In 2004, I was vacationing with my family on the Maldives when the devastating Sumatra earthquake and the ensuing tsunami hit the idyllic flat little island that we were on. We all survived with some cuts and bruises, but the experience was very frightening. We responded in the way that my Solution Focused training had taught me, and I will be forever grateful for that training. Maybe my reflections here can helpful for others who are accompanying people in the many crisis situations that we are facing today.
Assuming that we are resourceful and whole
I dealt with the immediate danger as best as we could and then moved on. I did not assume that we were necessarily “traumatized” and that this “trauma” would never go away. I treated it as a scary and horrible situation and I felt great compassion for all those who were much worse off then us.
Focusing on our strengths, coping skills and resources
I literally told my children how well they did and asked about how they knew to do all the small things that helped them survive until they could no longer hear it.
Finding ways of growing in the face of a crisis
After we had arrived home, I also reflected on what I did well, where I showed that I care about others. Such situations (when they are over) do provide us with an opportunity for growth. And, don’t get me wrong, I am VERY far away from statements like “everything happens for a reason” or “there is always a silver lining” or even worse “God does not give us burdens that we cannot carry”. These are victim blaming, terrible and uncompassionate *see me shiver in disgust*. People are sometimes unlucky, they fall onto bad times without any wrongdoing, they are victimized not because they “need a lesson”, but because someone or some thing caused them harm. The fact that we can find growth in horrible situations does in no way imply that these things happened BECAUSE of our need to grow.
Treating my responses as normal and with self-compassion
Of course I was frightened of the ocean for a while! I needed time to understand that in 99,999999% of the times when I will be sitting at the beach, there will not be a tsunami. These things are rare. I have always loved the ocean, so in the time after the tsunami, I re-acquainted myself with the experience of enjoying the ocean, by going to the beach, noticing my feelings and being self-compassionate (although I did not know the word then).
This, of course, is my story and what I learned from it. If you in the role of a coach accompanying someone in a crisis situation, there might be other important considerations. I have listed a few here — by all means not all and there is a whole bunch of literature out there, that you can consult, but maybe this very short summary is useful for now. I can recommend “Yeager, K. and Roberts, A. (2015). Crisis Intervention Handbook. Oxford University Press: Oxford” and especially the article by Gilbert Greene, Mo-Yee, Leerhonda Trask and Judy Rheinscheld “How to work with clients’ strengths in crisis intervention: a solution-focused approach”.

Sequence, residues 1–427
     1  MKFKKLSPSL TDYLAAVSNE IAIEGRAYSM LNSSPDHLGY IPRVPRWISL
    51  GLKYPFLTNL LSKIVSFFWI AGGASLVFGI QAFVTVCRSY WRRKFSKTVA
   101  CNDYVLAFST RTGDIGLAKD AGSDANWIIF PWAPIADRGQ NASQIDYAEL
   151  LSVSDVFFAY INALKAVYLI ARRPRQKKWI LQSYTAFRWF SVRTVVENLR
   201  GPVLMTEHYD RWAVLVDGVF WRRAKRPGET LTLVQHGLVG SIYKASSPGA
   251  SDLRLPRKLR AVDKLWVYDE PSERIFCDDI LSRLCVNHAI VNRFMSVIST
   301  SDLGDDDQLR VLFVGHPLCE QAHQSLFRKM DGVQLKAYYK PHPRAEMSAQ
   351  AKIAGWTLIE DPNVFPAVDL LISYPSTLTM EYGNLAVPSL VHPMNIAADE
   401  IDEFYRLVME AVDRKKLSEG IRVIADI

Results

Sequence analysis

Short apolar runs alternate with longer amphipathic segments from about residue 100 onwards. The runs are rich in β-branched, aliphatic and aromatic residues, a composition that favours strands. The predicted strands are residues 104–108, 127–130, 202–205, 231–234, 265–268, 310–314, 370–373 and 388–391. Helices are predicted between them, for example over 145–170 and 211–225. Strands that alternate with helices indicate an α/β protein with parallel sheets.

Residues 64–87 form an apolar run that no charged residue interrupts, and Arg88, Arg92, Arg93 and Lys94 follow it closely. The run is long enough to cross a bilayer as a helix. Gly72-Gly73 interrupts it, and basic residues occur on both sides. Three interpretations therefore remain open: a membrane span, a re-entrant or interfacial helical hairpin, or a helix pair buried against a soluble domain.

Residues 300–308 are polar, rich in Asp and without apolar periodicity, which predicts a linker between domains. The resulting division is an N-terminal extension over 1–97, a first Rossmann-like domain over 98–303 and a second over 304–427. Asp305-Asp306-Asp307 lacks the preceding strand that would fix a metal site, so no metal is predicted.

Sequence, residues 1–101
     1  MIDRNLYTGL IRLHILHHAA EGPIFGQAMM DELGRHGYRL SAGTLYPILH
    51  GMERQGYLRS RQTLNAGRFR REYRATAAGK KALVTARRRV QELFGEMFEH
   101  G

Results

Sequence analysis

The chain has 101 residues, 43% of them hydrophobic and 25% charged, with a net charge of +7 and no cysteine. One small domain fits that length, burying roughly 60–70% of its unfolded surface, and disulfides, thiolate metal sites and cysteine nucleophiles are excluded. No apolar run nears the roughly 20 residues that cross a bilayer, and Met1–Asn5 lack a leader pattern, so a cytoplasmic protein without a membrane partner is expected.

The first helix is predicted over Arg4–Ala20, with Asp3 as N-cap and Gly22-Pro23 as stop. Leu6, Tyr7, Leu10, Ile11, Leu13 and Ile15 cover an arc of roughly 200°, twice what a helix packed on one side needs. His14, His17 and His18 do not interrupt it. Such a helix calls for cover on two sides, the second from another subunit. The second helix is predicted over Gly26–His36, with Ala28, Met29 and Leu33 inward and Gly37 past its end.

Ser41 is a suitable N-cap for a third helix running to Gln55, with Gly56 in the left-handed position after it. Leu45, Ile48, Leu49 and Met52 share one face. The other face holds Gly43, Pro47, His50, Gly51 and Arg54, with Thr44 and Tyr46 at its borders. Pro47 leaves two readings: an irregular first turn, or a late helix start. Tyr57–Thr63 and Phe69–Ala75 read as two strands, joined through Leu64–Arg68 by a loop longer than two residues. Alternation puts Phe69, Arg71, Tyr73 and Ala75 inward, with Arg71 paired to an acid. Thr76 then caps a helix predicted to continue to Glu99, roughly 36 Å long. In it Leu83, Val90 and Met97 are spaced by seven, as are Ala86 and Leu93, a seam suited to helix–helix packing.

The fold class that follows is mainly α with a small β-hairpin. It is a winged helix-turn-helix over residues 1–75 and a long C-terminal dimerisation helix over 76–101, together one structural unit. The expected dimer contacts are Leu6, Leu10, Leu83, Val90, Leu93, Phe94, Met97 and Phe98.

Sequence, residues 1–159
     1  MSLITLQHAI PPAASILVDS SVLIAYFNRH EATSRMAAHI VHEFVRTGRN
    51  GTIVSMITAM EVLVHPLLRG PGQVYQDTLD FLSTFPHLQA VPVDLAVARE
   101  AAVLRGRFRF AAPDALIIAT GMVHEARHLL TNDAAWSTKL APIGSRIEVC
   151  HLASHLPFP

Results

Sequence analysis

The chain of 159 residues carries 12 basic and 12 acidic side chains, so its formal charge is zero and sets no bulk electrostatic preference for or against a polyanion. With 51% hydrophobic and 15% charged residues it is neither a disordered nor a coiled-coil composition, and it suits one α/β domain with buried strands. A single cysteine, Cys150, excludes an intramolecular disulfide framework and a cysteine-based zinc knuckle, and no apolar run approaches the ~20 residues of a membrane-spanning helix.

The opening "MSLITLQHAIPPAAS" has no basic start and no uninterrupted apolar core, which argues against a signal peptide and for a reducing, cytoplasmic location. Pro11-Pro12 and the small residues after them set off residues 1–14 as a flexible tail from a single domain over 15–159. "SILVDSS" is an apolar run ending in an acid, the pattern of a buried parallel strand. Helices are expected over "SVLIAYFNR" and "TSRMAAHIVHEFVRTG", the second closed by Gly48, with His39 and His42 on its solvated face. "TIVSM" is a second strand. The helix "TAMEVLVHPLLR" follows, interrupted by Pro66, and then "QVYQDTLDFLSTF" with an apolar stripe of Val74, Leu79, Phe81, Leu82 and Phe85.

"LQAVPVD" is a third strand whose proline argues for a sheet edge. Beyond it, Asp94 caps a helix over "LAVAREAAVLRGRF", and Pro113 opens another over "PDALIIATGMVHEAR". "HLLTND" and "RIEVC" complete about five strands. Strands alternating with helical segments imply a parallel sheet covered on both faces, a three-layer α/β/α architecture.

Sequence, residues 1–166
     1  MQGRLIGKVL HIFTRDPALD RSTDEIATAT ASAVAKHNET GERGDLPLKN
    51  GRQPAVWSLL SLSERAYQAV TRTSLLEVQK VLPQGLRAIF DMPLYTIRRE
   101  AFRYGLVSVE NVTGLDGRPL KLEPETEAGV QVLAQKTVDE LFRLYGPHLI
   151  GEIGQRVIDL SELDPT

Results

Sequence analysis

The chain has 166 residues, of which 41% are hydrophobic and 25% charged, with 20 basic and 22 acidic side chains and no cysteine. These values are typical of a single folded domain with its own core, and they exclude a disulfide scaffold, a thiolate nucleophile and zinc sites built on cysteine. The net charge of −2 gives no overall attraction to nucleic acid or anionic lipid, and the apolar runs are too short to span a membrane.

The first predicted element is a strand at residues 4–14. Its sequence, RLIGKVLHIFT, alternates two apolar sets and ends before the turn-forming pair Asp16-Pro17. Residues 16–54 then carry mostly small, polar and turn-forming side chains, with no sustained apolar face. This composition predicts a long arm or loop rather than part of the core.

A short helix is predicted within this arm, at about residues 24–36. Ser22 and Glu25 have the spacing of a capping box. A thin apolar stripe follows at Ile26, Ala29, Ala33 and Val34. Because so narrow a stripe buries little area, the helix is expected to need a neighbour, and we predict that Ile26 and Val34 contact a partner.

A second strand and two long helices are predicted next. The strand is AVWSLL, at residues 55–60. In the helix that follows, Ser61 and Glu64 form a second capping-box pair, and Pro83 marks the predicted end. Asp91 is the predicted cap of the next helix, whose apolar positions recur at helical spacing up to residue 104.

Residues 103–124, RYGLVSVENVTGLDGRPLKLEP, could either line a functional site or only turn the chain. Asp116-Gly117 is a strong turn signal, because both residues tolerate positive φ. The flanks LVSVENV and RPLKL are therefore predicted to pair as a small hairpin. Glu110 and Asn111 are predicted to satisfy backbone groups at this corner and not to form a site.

Manage your natural desire to help or save
Unless someone’s life is threatened, as a coach, your job is to help people access their own resources, their own way forward. You want to help clients to discover their own resilience. If you truly believe that people are resourceful and whole this will be a lot easier and more supportive to your clients then any attempt to fix anything for them.
Acknowledge the hardship but don’t dig
Let your clients decide how much of the hardship they would like to share. You can coach someone without knowing what the problem is. You just need to know where the client wants to go, not where they came from.
Help clients tell their stories in ways that make them stronger
When clients do tell about the hardship, invite them to think about what they did to survive, manage, cope. It is amazing how much resilience, strengths and ingenuity you will discover together with your client.
Help clients re-discover their agency
In natural disasters, wars or when people become victims of a crime, they usually experience a loss of agency. Something was done to them by something or someone. Maybe they have forgotten how the small actions of resistance or survival made a difference and it can be helpful for them to talk about it to re-discover their agency.
Talk about a life beyond the crisis
The Solution Focused therapist Ivonne Dolan coined the phrase: “Living well is the best revenge”. This fits very well for me — it might not for everyone. So an idea could also be to inquire what kind of relationship the client would like to have with the crisis in the future: how would they like to see it, what would they like to be experiencing.
Make sure to know your own limits
You have a duty of care to yourself and to your clients. If you feel like you cannot handle the conversations with people who have experienced hardships, don’t rough it out — it is completely ok and very ethical to step back. If you are overwhelmed, you won’t be helpful.
On the other hand, some clients develop mental health issues when they have experienced great hardships, and that is also completely normal and understandable. Coaches need to be mindful of the borderline between coaching and therapy. If you feel your client could be helped better by someone with medical or psychological expertise, refer the client.
If you would like to explore such issues further, either book Kirsten for a talk on “Coaching in crisis situations” by replying to this email 🙂 or come to one of our free meetups and exchange sessions to talk to other coaches about cases, experience a demo coaching, or learn about our courses.